How To Invest and Save Money
The Importance of Good Credit
By Britt Erica Tunick
Establishing good credit is a bit of a double edge sword. You can’t build a good credit history for yourself without first taking on some sort of debt from credit cards, to a mortgage, yet it can be extremely difficult to borrow money if you don’t already have a good credit history.
According to a recent survey conducted by Harris Poll and NerdWallet, 49% of Americans don’t understand how harmful having bad credit can be, while another 23% of people are unaware that an individual has multiple credit scores that can differ based on the type of credit you are looking for and the specific credit score model each lender relies on.
While the same survey found that 26% of people check their credit scores at least once a month, it turns out that 12% of Americans have never checked their scores even once. In the case of your credit score, what you don’t know can actually hurt you.
Though it is fairly common knowledge that a good credit rating is necessary in order to take out a loan whether a mortgage, a student loan or a car loan many people don’t realize how much of an impact a negative credit rating can have on your life. Not only can a negative credit rating keep you from getting a loan, it can subject you to a higher cost for car insurance and can make it extremely difficult to access any sort of credit from traditional credit cards, to things you might never imagine such as a cell phone account, or utility accounts for things such as gas and electricity or even cable TV, which will typically require higher down deposits from individuals with poor credit scores.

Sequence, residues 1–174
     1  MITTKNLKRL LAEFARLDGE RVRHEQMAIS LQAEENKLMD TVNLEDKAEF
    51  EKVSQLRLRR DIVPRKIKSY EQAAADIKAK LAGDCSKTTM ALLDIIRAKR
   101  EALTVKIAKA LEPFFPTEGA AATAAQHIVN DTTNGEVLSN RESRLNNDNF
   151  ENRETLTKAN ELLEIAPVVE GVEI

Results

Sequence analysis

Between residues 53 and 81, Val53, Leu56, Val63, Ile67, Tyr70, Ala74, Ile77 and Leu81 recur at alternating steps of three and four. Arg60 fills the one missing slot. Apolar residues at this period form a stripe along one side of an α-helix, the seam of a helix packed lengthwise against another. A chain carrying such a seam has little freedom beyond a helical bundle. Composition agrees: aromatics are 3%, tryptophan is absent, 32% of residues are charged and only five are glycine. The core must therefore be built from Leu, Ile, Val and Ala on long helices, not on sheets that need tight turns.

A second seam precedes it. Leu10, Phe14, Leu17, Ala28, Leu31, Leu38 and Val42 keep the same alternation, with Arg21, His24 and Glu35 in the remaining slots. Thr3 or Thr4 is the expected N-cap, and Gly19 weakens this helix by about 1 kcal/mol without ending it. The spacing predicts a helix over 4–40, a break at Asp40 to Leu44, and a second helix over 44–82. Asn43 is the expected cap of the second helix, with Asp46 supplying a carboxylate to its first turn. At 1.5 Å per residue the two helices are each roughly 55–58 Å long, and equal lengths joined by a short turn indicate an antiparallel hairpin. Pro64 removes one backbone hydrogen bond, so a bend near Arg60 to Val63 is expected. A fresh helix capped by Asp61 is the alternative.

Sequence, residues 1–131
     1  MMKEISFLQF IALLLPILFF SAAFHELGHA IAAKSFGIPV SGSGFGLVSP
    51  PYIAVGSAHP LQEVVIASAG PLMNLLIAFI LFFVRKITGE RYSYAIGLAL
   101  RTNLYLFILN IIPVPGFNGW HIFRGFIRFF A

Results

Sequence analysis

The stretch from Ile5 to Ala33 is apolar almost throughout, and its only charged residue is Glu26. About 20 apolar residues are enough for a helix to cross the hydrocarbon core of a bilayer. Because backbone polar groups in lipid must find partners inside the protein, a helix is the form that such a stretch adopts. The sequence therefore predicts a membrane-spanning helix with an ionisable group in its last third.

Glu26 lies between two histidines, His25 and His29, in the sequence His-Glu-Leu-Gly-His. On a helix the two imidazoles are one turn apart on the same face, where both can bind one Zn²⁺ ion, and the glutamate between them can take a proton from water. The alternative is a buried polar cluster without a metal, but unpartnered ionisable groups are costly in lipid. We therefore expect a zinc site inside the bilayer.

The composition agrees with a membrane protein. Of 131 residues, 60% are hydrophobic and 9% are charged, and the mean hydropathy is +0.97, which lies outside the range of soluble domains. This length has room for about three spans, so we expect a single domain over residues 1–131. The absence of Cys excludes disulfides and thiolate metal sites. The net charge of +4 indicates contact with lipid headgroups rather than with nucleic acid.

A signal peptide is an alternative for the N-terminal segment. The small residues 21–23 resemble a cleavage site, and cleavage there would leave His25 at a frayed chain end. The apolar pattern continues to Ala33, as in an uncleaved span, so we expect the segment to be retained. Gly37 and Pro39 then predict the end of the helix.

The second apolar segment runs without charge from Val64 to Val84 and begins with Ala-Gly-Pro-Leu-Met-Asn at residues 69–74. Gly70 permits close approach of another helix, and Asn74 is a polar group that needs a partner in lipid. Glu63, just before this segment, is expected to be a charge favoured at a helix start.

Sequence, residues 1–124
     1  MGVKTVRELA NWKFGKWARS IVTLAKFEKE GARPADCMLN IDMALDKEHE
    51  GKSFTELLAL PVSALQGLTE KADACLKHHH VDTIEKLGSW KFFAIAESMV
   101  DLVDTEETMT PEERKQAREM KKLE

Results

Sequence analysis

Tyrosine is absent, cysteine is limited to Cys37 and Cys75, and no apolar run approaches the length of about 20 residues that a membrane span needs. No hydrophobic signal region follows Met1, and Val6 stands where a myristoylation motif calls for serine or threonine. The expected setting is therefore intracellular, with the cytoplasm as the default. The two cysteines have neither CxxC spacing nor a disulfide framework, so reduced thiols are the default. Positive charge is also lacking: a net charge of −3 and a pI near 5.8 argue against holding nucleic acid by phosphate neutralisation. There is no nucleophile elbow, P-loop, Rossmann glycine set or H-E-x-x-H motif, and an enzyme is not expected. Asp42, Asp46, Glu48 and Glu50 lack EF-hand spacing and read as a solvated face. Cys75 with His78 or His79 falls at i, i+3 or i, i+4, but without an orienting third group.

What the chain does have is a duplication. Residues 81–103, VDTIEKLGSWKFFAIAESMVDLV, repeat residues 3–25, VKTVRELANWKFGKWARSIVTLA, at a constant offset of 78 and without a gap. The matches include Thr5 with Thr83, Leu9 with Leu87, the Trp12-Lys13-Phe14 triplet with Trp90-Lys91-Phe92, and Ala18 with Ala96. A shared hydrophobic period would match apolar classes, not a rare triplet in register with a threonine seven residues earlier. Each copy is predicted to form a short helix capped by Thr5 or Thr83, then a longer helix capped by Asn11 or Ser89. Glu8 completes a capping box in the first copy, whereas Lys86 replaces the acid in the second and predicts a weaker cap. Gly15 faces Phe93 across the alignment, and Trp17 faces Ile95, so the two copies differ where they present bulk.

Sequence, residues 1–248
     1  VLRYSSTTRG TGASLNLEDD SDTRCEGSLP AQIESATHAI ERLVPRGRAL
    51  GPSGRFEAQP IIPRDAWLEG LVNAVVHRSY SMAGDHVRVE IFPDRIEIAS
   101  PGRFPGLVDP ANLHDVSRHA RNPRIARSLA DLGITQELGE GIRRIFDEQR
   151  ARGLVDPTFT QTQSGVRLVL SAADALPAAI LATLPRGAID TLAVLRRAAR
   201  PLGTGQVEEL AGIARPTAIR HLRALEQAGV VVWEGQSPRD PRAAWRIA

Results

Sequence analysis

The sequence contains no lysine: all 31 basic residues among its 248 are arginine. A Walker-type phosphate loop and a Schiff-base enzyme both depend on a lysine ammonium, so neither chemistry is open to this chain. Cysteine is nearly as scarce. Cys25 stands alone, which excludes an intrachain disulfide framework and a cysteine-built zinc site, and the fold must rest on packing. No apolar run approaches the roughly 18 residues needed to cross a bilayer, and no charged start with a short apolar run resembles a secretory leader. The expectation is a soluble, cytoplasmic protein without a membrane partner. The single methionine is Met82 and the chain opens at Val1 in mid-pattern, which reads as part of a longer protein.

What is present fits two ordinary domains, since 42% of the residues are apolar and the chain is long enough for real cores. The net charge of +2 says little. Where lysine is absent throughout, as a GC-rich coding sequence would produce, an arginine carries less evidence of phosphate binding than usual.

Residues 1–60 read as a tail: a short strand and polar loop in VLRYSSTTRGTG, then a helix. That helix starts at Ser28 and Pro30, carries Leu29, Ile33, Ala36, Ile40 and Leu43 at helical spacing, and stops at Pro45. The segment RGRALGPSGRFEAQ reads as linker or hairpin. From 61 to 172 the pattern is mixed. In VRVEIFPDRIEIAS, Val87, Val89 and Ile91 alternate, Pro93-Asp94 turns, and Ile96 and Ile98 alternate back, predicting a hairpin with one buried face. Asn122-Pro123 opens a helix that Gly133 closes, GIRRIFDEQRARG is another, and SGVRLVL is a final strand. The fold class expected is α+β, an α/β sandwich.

If a negative credit rating doesn’t keep you from getting a loan, it all but ensures that you will receive a much higher interest rate because of the additional risk anyone willing to extend credit to you must assume in doing so. As it turns out, roughly 40 million Americans have FICO credit scores lower than 600, well below the threshold of 700 or above that most creditors consider to be good.
If you are unaware of what your credit score is you should contact one of the three major credit tracking agencies Equifax, Experian and TransUnion that creditors turn to when looking up your score. Under the law you are entitled to a free report from each of these agencies every year, so checking out your score is a no-brainer. Just be sure not to check it out too often, as too many queries about your score can negatively impact your score.
Britt Erica Tunick is an award winning financial journalist who has spent the past 17 years writing about virtually every aspect of finance. She has mastered the art of boiling down complicated financial topics for readers to understand.